[Haskell-cafe] Re: (flawed?) benchmark : sort
Adrian Hey
ahey at iee.org
Mon Mar 10 17:13:14 EDT 2008
Krzysztof Skrze;tnicki wrote:
> Ok, my turn now. Let's think about algorithm that takes equivalence
> relation EQ, ordering relation ORD on abstraction classes generated by
> this equivalence ( -> equivalence classes ) and divides given input
> elements XS into appropriate classes and then prints them out according
> to given ordering ORD. If we pose the restriction (let's call it (*)),
> that input XS should have at most one element from every abstraction
> class, we get sorting in a way that you desire. Hovewer, if we don't
> pose that restriction the algorithm still makes perfect sense and is
> given by standard library sortBy.
>
> I see no reason for restriction (*).
I don't understand the above paragraph. Let's consider a simple example:
(sort [a,b]) in the case we have: (compare a b = EQ)
Which of the following 4 possible results are correct/incorrect?
1- [a,a]
2- [a,b]
3- [b,a]
4- [b,b]
I would say they are all correct and equivalent for any "sane" Ord
instance, though from the point of view of space efficiency 1 or 4
are preferable to 2 or 3.
> For efficiency reasons there could be additional class StrictEq. If the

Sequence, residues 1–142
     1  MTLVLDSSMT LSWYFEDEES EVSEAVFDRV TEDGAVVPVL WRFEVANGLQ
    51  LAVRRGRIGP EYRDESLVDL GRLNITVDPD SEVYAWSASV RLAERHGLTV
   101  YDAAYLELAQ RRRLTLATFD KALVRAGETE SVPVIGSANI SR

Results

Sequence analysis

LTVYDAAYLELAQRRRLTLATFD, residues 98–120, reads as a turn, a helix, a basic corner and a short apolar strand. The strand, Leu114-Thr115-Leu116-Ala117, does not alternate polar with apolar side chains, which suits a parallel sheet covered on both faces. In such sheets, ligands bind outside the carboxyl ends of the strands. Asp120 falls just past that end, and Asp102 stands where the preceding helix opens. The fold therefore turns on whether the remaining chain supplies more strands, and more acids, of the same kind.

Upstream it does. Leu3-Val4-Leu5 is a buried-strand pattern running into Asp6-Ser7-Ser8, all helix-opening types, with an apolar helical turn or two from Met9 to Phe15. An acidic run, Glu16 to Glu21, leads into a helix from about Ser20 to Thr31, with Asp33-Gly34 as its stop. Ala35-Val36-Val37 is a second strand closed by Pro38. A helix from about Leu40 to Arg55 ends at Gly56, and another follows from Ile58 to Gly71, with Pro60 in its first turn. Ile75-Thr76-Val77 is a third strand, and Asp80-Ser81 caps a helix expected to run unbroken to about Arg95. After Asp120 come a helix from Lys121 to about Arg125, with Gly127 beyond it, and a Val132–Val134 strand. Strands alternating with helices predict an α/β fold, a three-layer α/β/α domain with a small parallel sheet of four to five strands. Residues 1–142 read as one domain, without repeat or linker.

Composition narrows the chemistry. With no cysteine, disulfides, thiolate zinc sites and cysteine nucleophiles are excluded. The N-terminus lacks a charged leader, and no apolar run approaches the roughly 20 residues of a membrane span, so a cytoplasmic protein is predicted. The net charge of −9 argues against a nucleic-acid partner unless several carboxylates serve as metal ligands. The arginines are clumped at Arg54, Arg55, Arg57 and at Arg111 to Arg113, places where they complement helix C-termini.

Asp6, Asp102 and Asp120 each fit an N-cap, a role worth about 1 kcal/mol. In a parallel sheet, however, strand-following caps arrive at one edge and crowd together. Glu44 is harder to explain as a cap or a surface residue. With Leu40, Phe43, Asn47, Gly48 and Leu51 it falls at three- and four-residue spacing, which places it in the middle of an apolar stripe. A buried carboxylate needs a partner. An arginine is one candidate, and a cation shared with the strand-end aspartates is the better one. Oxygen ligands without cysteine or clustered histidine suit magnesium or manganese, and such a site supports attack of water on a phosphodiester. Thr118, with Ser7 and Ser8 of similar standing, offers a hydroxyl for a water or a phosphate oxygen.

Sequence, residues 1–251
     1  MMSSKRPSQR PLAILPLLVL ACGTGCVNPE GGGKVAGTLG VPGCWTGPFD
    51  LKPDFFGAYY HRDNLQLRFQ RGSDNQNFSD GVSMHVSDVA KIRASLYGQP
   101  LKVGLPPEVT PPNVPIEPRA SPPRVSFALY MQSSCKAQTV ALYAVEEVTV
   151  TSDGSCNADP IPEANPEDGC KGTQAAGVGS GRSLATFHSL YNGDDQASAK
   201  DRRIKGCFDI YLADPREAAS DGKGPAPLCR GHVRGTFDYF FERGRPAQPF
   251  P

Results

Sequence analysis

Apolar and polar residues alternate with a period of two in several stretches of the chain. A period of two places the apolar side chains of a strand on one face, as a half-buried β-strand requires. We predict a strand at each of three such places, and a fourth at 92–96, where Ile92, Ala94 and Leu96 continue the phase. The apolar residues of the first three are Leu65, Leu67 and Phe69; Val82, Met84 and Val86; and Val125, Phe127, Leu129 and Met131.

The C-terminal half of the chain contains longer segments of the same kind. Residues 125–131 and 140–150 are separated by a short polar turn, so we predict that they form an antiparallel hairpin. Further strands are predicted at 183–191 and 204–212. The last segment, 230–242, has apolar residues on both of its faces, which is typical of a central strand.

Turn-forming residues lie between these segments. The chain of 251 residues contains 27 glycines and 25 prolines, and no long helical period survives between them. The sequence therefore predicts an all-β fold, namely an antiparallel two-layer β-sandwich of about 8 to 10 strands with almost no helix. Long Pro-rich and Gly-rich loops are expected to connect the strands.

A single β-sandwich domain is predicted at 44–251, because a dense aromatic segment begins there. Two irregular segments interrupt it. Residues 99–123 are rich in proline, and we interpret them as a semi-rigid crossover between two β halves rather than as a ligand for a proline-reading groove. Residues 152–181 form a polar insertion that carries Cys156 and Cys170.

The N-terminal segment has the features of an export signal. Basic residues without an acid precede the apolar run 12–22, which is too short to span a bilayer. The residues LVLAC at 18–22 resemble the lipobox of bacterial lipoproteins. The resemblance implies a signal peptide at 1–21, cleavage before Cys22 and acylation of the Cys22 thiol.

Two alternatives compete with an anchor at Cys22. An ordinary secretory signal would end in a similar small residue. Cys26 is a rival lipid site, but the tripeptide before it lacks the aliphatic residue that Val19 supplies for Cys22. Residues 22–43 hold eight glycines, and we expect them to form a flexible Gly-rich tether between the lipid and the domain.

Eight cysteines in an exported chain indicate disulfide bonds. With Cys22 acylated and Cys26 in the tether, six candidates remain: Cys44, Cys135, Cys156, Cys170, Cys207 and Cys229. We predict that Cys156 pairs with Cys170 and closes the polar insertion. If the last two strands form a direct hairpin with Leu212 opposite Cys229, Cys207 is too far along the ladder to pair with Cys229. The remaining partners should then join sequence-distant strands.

> type is in that class then we can assume (*) and use more
> space-efficient algorithm.
>
> Now, the problem with
>
> treeSort = concatMap (reverse . snd) . Map.toAscList
> . Map.fromListWith (++) . map (\x -> (x,[x]))
>
> is that i can't tell any compact way of implementing treeSortBy in nice
> manner. This is because Data.Map does not allow us to provide our own
> comparison test instead of compare.
As a practical matter, for benchmarking you should also count the actual
number of comparisons needed, not just execution times for simple types
(Ints presumably).
Also, I think you'll find that the AVL lib gives better performance than
Data.Map, particularly for sorted inputs. Unfortunately you can't use
this implementation in the standard libs without making the AVL lib a
standard lib (the same happens to be true of Data.Map too, thought this
is widely perceived as being standard because of ghc library bundling
:-)
But actually I would say that if either (both) of these is faster than
the the standard sort then this is some kind of performance bug with
the current ghc release. They weren't faster last time I tested (with
Ints).
I also happen to think that sort should be made an Ord class method,
so that trie based sorts are possible (which should be faster for
complex data types). We should only use sort = sortBy compare as
the default.
Regards
--
Adrian Hey
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